Peoples and Cultures of Early Texas: Indigenous Groups

The broad label "indigenous groups" or "Native Americans" applies to literally hundreds of diverse groupings of people in the Texas territory. Not all of them could be described precisely as tribes, either, as many of these groups were large clusters of families, clans or other associated groups with distinct customs, organization and behavior. According to the Handbook of Texas Online:

"These were occasionally quite large. At the opposite extreme, some were merely small family groups whose names or ethnic designations were taken for "tribal" names by the Spanish and French and in subsequent secondary literature." [1]

In short, the indigenous peoples of Texas comprised a large, diverse and evolving set of groups, as many of these groups migrated or were forced out of the territory by new groups, or were absorbed or recombined with groups of similar cultures, or extinguished as identifiable groups through conquest.

The great number of indigenous groups resulted in a great variety of social organization, values, and practices - a great variety in political culture, if you will. Some groups, most famously the Apaches and Comanches, who came to the territory after the Spanish arrived to be nearer to supplies of horses, were very aggressive and warlike, living on the spoils of raids and conquest. Other groups like the Caddos were primarily engaged in agriculture, while still others like the Wichita engaged in a mix of hunting, trade, and some warfare.

The expansion of Anglo American settlements in the eastern part of the continent, led to new waves of Native Americans, notably the Alabama, Coushatta, and Cherokee tribes, among others. Some of these tribes naturally migrated to Texas in search of fresh hunting grounds as their traditional hunting grounds in the east were depleted by Anglo settlement. Others were more forcibly pushed out of their native lands by the Anglo settlers or the U.S. government for various economic or overtly political reasons. Some groups from the Delaware Indians fled their lands in the east, for example, after siding with the British in the War of 1812.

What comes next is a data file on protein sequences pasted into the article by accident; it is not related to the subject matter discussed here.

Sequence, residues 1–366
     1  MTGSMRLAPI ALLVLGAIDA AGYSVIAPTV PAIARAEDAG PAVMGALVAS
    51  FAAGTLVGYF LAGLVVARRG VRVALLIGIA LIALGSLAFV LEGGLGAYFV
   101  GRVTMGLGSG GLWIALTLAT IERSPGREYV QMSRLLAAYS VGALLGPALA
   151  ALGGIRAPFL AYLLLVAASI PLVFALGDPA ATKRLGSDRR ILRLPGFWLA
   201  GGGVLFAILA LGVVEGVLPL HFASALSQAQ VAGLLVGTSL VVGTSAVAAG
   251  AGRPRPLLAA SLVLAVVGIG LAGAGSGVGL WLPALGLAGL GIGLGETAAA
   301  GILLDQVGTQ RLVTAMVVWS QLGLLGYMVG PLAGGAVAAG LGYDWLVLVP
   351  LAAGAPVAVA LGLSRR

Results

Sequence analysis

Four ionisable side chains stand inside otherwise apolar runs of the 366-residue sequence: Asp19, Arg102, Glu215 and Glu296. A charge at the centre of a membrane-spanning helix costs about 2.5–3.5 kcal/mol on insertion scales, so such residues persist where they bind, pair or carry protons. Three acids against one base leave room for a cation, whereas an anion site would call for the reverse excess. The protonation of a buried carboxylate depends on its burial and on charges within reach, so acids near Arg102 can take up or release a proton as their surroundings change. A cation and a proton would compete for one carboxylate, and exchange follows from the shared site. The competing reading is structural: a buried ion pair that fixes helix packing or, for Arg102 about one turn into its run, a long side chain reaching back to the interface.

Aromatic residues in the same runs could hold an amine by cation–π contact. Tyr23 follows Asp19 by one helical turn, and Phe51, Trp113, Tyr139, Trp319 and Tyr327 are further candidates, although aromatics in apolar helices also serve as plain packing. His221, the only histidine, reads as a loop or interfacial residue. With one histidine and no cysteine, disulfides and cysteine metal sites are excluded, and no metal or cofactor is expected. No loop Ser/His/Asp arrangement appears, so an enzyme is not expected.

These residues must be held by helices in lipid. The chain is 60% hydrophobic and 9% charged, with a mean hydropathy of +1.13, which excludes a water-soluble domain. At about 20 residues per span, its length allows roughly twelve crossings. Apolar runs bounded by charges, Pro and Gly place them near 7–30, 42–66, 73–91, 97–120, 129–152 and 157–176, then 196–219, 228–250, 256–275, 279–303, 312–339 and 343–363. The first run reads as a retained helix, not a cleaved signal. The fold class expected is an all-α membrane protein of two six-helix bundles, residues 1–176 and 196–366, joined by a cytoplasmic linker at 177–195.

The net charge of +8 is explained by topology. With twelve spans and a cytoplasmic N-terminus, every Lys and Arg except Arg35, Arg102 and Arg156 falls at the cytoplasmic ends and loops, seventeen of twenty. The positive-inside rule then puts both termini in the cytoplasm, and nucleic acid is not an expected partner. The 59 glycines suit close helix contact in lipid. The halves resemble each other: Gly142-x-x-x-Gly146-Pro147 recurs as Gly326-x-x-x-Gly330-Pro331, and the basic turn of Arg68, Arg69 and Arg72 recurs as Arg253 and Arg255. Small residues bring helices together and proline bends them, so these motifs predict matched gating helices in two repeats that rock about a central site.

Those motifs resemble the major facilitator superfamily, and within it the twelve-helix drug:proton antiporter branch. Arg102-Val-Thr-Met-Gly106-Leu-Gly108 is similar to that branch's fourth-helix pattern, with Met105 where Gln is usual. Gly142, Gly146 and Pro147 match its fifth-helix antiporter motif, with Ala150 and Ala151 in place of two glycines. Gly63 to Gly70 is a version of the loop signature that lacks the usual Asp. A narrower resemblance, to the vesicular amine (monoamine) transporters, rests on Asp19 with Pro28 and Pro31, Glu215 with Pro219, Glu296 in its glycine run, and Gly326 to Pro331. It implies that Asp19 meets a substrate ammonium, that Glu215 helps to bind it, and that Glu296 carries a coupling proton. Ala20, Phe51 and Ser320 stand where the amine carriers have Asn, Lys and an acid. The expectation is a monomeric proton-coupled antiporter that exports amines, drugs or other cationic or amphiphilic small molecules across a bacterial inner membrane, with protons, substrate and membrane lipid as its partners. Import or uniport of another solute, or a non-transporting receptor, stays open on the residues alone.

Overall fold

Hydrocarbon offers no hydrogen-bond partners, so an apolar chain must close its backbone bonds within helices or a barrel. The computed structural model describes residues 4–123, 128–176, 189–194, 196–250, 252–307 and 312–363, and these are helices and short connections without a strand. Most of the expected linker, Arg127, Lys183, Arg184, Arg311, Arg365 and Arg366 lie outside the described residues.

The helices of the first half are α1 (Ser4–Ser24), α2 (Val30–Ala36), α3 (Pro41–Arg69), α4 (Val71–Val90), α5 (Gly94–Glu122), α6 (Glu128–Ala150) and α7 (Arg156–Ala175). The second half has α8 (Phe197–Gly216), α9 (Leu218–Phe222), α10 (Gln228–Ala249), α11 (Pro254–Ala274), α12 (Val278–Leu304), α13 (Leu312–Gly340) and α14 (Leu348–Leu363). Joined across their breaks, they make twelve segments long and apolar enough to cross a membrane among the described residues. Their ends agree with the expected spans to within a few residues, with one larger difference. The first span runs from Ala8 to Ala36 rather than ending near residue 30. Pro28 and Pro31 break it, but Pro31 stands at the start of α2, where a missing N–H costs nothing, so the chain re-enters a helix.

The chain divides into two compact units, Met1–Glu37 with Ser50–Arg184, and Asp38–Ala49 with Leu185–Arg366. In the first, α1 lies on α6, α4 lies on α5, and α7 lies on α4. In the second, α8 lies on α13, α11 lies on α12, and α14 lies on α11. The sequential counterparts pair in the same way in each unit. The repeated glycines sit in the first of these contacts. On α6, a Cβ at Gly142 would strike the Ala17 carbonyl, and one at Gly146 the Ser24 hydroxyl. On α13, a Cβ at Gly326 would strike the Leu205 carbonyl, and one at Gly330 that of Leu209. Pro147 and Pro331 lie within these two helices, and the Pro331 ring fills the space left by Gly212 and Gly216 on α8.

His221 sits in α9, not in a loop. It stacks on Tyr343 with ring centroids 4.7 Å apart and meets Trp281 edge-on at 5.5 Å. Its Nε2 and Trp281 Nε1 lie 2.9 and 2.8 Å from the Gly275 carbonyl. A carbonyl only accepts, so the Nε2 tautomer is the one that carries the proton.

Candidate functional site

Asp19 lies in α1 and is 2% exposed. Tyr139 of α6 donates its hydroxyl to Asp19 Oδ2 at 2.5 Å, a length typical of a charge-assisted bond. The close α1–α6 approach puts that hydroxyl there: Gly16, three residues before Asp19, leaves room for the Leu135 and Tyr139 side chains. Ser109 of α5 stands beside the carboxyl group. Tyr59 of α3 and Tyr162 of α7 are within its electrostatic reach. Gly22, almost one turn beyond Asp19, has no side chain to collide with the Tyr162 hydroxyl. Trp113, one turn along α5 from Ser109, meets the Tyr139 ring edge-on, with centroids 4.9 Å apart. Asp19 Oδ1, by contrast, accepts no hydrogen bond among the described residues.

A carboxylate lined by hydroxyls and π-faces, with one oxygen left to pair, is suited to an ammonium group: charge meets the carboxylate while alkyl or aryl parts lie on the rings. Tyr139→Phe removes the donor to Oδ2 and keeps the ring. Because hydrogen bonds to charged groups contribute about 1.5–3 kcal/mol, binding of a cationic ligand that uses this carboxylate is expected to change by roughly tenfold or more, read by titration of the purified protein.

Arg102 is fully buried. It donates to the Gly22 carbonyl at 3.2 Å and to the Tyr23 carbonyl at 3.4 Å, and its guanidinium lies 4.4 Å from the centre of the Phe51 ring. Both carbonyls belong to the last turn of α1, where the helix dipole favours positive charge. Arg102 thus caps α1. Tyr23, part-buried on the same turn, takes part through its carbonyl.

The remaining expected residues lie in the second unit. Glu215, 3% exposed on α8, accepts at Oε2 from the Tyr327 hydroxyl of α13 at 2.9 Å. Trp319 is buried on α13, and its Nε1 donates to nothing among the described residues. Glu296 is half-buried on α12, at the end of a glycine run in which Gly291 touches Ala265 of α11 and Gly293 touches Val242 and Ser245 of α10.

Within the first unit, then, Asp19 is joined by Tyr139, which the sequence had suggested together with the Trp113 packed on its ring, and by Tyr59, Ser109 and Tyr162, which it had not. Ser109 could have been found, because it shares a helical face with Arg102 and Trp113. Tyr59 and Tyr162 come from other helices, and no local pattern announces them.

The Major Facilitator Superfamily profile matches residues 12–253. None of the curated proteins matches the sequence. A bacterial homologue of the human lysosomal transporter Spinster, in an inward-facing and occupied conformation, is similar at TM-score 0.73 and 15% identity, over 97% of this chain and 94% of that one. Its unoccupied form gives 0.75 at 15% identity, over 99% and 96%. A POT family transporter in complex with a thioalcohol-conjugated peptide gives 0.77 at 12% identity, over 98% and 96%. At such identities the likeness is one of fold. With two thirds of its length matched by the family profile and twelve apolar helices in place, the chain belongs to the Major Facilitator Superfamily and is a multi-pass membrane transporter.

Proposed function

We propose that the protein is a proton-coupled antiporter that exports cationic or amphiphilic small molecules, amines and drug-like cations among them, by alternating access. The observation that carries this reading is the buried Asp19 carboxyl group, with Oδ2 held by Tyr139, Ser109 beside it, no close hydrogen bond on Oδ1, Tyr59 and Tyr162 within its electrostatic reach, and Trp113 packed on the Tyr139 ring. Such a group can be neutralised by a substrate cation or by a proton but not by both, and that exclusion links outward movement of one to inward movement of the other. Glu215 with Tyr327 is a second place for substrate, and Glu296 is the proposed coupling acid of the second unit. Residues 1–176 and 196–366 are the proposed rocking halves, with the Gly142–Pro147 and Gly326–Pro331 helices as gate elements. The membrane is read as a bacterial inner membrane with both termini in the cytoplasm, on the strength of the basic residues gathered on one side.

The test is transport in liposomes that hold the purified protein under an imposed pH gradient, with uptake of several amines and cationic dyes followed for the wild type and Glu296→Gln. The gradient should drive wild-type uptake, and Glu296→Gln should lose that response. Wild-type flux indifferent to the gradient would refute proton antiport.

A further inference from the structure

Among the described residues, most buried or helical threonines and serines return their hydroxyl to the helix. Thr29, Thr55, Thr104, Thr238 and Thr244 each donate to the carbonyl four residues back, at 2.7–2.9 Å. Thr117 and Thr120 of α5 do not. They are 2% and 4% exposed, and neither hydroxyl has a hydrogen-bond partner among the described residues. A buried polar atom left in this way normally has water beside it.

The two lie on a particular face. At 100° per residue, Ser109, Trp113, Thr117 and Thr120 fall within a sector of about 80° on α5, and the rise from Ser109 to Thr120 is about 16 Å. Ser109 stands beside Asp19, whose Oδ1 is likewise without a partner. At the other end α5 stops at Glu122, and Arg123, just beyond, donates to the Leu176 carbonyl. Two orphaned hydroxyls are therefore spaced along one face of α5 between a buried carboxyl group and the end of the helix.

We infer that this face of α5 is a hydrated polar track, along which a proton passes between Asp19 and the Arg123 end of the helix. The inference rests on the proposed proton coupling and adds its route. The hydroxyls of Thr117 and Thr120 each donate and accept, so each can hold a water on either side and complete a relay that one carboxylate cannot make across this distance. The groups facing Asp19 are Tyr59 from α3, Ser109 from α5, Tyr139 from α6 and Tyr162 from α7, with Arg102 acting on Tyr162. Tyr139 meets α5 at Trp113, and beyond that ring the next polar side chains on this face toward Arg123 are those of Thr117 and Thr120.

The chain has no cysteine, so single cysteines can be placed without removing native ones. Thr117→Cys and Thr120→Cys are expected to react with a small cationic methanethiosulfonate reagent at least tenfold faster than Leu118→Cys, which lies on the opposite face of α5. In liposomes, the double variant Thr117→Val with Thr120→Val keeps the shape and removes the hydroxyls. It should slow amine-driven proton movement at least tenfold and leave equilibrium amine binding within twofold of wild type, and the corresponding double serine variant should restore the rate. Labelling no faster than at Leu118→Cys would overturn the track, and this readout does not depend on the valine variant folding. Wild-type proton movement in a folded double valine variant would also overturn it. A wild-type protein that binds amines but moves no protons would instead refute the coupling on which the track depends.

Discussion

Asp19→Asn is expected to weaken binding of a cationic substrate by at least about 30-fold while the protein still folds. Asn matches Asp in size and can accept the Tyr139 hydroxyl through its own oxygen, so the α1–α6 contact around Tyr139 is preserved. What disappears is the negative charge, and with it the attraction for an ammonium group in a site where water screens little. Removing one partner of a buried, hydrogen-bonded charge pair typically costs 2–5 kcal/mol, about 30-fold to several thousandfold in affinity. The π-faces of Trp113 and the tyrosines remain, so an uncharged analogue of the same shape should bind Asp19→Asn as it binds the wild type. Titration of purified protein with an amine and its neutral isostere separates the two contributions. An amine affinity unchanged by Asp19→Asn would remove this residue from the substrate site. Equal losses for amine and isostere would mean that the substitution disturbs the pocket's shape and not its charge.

The diversity of experiences and cultures of Native Americans in Texas suggests caution in making generalizations about their contribution to the overall political culture of Texas. Still, it is reasonably safe to say that like Spanish and Anglo American settlers, the Native Americans found life "on the frontier" to be harsh, intensely competitive, sometimes violent, and often solitary, with uneven and constantly shifting public authorities (whether indigenous or European) for governing daily life. One cultural trait broadly shared by the Native Americans was their rejection of town life - observed by the resistance of the relatively peaceful natives in East Texas to settlement in the Spanish missions - in favor of an independent lifestyle in the open countryside.

The culture of the indigenous groups has been largely extinguished or marginalized in contemporary Texas, with three reservations representing the only organized settlements of Native Americans in the state, according to the Handbook of Texas. Nevertheless, the 2000 census reported that over 118,000 people in Texas (or 0.6 percent of the population) identified themselves as American Indian. Beyond the numbers of Native Americans in the state, the cultural traits that were shared by many of the indigenous groups - competition, individualism (especially notable in groups like the Comanches) - persist today.

1 Handbook of Texas Online, link: "INDIANS," (accessed Jan 25, 2006).